East Jerusalem – The Wall and the tails of two schools, but the same story

Jerusalem is an unequally divided city – West and East. The West is controlled by the Israeli authorities – it is historical, prosperous, full of amenities, but tense. The East is neither under Israeli or Palestinian authority; it is effectively left to rot. Rather it is controlled by the Israeli army – restricting entry and exit, populated by Palestinians. For most it is an open prison dominated by The Wall, which snakes across the landscape.

We first see The Wall walking down the East Jerusalem suburb of Bethany’s main street which has been renamed by locals as ‘The Road to Nowhere’. So called because it cuts across it, stopping traffic and trade. Now a detour of 50 minutes (dependant on favourable check point conditions) for a journey that use to take 2 minutes. It separates families, communities and lives. It stops access to shops, hospitals, education, clubs, religious sites, cinemas and culture.

We took the opportunity by the wall to make our mark of dissent using the artistic tool of the weak – the spray can. The Wall and The Circus Many thousands will use this huge canvas to vent their anger until it will eventually fall. It was very eerie to hear street life coming through the cracks of the walls.

The Wall is omnipresent in East Jerusalem – it is visible from our host Suzana I. Zorko’s house A view of The Wall (her organisation is called Children of Bethany). As is land which has been cleared of houses to make way for the monstrous progress of The Wall. Suzana and her family have been fantastic to us – welcoming us into their home with such kindness and warmth. I for one will be sad to leave. Suzana has been arranging shows and workshops for us this week and we hope to work with her again before we leave.

Our first ever show was on the 15th Jan at an all boys school. It was a poor school with only limited facilities and resources. As we pulled up in the van a hoard of excited boys greated us with whoops and cheers. Our copious luggage was carried by many small hands. As the boys lined up on one side of the playground and we prepared on the other we realised it would be a tough audience.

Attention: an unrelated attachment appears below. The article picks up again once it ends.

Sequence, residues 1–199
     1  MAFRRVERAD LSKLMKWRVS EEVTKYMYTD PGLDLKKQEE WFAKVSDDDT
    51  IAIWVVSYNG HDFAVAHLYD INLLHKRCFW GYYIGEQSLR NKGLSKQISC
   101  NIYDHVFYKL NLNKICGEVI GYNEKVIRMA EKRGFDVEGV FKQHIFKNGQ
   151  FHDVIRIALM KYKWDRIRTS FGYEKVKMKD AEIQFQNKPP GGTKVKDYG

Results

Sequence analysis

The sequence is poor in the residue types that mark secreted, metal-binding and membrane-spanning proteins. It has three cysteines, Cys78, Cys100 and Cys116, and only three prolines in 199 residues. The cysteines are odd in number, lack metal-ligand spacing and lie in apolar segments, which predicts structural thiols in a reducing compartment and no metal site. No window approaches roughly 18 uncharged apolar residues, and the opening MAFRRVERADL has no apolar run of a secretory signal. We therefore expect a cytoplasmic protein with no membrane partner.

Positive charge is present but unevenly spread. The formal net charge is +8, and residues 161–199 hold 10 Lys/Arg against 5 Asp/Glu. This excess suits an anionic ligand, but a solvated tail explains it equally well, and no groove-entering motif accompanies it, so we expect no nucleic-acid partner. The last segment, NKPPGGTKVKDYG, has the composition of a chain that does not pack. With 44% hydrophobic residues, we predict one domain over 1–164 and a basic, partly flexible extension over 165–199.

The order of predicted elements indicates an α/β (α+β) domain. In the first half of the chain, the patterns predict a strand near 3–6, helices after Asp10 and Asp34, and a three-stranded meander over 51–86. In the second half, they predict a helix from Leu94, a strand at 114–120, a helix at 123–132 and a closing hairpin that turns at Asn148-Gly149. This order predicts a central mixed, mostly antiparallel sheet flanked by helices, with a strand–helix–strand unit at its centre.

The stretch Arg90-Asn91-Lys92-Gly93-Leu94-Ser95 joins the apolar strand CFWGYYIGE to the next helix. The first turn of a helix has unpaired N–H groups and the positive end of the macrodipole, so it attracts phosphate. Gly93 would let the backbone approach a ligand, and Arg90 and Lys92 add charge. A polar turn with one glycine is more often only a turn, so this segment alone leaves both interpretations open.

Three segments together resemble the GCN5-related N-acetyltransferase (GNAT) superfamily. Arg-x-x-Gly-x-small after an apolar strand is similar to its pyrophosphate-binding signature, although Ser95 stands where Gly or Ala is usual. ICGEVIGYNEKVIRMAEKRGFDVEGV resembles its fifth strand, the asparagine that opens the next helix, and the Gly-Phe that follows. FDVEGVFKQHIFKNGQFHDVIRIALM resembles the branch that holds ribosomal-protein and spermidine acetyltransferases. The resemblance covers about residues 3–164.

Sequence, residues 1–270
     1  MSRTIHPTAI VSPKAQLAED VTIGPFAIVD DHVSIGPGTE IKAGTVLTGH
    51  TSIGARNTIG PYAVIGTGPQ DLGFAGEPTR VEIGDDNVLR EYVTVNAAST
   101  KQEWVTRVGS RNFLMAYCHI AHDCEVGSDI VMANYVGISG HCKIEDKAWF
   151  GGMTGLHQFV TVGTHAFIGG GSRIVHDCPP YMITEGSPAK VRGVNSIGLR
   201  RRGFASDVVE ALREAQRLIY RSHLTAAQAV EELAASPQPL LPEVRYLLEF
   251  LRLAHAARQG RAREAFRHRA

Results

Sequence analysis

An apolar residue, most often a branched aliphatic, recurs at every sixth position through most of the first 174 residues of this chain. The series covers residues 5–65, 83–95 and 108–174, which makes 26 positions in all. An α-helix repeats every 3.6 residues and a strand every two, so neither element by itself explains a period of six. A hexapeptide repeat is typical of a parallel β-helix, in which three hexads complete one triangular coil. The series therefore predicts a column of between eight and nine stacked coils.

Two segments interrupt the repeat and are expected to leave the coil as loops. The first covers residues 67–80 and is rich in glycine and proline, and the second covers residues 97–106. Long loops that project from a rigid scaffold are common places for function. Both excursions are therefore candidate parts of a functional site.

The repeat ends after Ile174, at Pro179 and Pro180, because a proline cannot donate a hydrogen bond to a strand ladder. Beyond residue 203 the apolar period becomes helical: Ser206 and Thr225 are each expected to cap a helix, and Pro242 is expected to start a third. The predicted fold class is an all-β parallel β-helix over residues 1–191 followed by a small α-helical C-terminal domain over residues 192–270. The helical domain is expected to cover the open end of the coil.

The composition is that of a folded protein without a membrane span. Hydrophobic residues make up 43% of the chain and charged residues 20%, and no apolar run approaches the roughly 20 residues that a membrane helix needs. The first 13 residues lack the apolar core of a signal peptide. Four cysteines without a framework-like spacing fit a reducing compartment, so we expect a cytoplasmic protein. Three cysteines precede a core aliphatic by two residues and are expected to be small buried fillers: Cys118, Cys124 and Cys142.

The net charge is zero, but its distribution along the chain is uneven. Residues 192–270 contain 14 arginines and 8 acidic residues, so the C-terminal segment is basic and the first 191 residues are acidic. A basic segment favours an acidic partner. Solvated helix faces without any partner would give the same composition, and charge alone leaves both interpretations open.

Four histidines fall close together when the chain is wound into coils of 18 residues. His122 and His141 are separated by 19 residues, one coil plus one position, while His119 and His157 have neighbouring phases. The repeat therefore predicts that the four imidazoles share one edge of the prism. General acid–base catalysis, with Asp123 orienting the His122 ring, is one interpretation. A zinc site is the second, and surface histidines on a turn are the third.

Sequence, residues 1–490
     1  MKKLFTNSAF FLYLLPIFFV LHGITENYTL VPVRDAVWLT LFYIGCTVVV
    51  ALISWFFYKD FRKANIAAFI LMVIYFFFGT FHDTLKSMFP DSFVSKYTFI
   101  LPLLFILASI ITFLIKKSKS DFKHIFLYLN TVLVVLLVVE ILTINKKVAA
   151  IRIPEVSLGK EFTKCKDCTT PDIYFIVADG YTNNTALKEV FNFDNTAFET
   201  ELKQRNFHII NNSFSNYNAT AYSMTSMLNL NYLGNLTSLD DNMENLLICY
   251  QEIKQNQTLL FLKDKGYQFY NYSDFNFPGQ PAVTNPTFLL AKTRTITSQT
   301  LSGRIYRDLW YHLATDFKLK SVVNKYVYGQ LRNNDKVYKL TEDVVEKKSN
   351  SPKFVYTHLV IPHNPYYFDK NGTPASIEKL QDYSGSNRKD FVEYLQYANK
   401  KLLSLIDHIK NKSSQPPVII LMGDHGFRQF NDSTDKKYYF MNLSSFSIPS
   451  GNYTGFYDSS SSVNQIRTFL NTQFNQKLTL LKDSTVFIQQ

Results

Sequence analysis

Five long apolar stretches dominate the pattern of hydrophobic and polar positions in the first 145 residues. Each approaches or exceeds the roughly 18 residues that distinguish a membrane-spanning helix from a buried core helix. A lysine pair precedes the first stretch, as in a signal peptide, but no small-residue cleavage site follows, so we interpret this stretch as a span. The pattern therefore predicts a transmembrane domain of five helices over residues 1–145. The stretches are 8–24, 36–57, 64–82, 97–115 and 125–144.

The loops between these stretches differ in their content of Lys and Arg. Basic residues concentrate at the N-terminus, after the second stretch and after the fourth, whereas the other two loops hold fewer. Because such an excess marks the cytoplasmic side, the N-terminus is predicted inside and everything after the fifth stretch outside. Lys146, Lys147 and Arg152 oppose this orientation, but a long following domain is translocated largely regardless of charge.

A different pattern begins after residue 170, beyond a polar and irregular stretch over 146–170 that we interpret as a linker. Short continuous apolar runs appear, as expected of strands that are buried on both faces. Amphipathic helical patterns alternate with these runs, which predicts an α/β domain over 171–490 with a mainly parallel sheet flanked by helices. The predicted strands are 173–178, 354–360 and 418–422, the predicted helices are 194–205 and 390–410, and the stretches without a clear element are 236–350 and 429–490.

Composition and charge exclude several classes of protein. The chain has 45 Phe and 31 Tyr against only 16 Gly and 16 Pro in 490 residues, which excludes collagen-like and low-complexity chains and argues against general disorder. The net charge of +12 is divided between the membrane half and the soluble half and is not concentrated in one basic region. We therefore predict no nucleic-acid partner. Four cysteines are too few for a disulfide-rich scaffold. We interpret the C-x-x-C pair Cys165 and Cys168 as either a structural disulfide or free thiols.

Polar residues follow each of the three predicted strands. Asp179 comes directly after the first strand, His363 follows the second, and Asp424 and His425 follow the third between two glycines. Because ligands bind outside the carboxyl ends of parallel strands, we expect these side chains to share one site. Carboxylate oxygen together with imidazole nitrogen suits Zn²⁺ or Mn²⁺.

Afterwards the boys crowed round and we showed them some tricks and they, in return, showed us theirs. One boy walked on his hands for 20 seconds. The boys obviously enjoyed the show, as it is uncommon for them to see strangers – let alone strange strangers doing magic, juggling and comedy. It is difficult to comprehend how disadvantaged these boys our by being limited to their ghetto home.

The next day we visited a girl’s othordox Russian school. They were a much more receptive audiece and the rough edges of our show had been smoothed. It was a good school with high fees, but despite their relative affluence the disadvantages of lack of opportunities and opportunities are the same. The girls see little more than their school and home; even the rough streets of their Bethany are off limits. We are a breath of fresh air and some fun to lift the stress of their daily lives.


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